In the final event of the night, the quartet of Ricky Betar, Taylor Corry, Ruby Storm and Liam Schluter powered to the wall in 3:51.60 to grab bronze just ahead of Brazil (3:52.91), who were right on their tails for the back end of the race. Betar made a solid start for the Aussies, while Corry and Storm held strong in the middle and Schluter anchored the team home. For rookies Betar and Storm, as well as 19-year-old Schluter, this was their first World Championships medal.
“It was excellent,” Schluter said. “The team were awesome and were very fast in the pool. What an amazing night it’s been.”
Echoing Schluter’s excitement, Corry said she was proud to be part of the Dolphins team and represent her country.
“Being part of this team is an amazing feeling,” Corry said. “We all got our first medal tonight at the meet, and we’re so honoured to represent our country and every time we do, we try to make it proud.”
Great Britain won the gold in a world record time of 3:42.21, while Russia took the silver in 3:45.32.
Earlier in the evening, Crothers collected his second bronze medal of the Championships, snatching third place in the men’s 100m freestyle S10. His time of 51.47 – only two one-hundredths of a second behind the silver medallist – was close to his personal best and is a testament to the hard work and commitment he’s showcased in the lead up to the event.
Such is his attitude to push himself and become the best athlete he can be, the 21-year-old couldn’t help but display a touch of disappointment post-race.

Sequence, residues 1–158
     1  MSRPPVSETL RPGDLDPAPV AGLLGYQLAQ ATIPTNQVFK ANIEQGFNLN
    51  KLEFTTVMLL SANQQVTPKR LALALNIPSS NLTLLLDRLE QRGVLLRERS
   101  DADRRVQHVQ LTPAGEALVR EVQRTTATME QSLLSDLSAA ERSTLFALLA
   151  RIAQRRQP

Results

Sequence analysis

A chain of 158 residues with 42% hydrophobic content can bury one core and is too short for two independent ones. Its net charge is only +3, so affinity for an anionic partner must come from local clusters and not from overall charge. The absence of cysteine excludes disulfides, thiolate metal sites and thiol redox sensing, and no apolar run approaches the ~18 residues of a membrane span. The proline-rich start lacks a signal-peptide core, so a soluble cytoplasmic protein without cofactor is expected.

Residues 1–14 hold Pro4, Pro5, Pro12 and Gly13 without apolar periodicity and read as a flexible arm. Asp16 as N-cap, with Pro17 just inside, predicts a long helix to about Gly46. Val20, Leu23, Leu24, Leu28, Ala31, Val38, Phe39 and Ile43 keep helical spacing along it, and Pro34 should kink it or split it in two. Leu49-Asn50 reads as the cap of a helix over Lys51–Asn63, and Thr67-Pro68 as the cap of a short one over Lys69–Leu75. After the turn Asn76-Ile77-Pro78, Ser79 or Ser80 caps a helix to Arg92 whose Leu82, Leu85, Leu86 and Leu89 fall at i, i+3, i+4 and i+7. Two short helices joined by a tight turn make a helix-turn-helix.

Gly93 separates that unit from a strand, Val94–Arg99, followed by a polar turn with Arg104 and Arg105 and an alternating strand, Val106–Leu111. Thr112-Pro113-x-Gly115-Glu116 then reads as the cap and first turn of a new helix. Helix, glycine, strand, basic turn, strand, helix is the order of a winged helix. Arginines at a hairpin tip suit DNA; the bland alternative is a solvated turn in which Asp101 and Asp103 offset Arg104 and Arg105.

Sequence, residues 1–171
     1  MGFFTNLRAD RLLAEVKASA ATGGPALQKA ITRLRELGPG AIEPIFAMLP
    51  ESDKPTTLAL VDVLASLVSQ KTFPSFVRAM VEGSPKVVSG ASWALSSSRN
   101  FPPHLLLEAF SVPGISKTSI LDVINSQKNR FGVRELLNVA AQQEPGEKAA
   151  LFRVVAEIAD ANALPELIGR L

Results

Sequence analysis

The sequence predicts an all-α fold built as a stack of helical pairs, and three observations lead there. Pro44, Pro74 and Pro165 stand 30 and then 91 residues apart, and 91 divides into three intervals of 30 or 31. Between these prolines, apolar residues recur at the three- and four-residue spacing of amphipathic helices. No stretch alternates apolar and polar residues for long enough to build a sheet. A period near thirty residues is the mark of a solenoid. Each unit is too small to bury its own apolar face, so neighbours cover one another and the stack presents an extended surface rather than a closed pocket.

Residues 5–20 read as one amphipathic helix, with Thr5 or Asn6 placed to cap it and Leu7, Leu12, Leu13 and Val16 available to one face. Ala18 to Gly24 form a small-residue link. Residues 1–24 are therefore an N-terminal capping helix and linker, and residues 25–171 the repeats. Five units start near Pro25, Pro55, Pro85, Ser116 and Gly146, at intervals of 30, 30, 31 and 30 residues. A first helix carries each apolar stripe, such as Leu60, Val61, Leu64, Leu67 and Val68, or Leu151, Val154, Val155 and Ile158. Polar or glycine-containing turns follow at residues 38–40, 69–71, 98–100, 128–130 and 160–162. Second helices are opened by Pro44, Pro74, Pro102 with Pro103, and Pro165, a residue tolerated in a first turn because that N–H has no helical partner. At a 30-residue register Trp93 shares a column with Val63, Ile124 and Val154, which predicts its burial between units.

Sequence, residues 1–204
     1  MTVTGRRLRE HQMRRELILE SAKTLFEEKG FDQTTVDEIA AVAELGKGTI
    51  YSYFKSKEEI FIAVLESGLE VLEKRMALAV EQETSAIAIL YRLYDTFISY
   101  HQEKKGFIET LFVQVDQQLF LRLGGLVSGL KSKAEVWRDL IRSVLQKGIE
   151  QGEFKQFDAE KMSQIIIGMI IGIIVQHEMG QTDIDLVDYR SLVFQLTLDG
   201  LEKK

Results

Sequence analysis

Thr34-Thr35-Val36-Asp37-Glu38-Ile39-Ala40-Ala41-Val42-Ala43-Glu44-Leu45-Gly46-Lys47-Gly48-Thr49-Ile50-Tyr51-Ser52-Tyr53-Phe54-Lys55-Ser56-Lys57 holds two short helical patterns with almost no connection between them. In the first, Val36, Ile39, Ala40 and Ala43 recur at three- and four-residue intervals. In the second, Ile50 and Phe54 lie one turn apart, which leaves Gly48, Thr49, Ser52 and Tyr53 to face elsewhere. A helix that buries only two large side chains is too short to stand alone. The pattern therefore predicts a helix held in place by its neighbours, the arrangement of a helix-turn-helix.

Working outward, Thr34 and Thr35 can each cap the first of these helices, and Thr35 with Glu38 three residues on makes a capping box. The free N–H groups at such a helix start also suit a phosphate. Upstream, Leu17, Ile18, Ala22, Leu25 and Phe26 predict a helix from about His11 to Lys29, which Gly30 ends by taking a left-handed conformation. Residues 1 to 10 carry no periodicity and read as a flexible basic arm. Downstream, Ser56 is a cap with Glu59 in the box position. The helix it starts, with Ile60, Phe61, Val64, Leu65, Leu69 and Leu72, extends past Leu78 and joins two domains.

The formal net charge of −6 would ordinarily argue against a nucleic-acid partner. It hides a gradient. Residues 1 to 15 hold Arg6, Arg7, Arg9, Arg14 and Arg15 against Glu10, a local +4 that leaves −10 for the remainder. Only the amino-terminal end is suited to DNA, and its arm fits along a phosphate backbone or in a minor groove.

“Honestly, I am a bit disappointed with that swim,” Crothers said. “I haven’t come here to win medals and break records, I’ve come here to do the best that I can and put a strong time on the board.
“I’m in the best form of my life right now, so to not produce, it does kind of suck. But that’s the sport – sometimes all the cards will be in your favour and someone pulls out a royal flush, but you’ve just got to play the next hand.
“That’s going to be my focus for now – resetting and getting ready for the 4x100m relay at the end of the week, and then from there, reassessing what we need to do to get me to 49 seconds for Tokyo [the 2020 Paralympic Games].”
In the women’s 100m freestyle S10 final, Jasmine Greenwood – who is making her World Championships debut – placed fifth in a new personal best time of 1:02.30, while in the women’s 100m breaststroke SB13, Jenna Jones finished sixth in 1:23.44.
Ben Popham and Blake Cochrane returned to the pool to race in the men’s 400m freestyle S8. Having both already won medals this week – Popham, a silver, and Cochrane, a bronze – the duo fought hard in a fierce race that was dominated by those in lanes three and four. In the end, Popham placed fifth in a personal best time of 4:40.14, with Cochrane just behind in sixth (4:40.77).
After the fourth night of the competition, Australia sits 16th on the medal table, with one gold, four silver and six bronze.
Make sure you catch all the action from the heats and finals live and free on the 7plus app. You can check out the broadcast schedule here.
By Swimming Australia
Photo with thanks to Swimming Australia/Delly Carr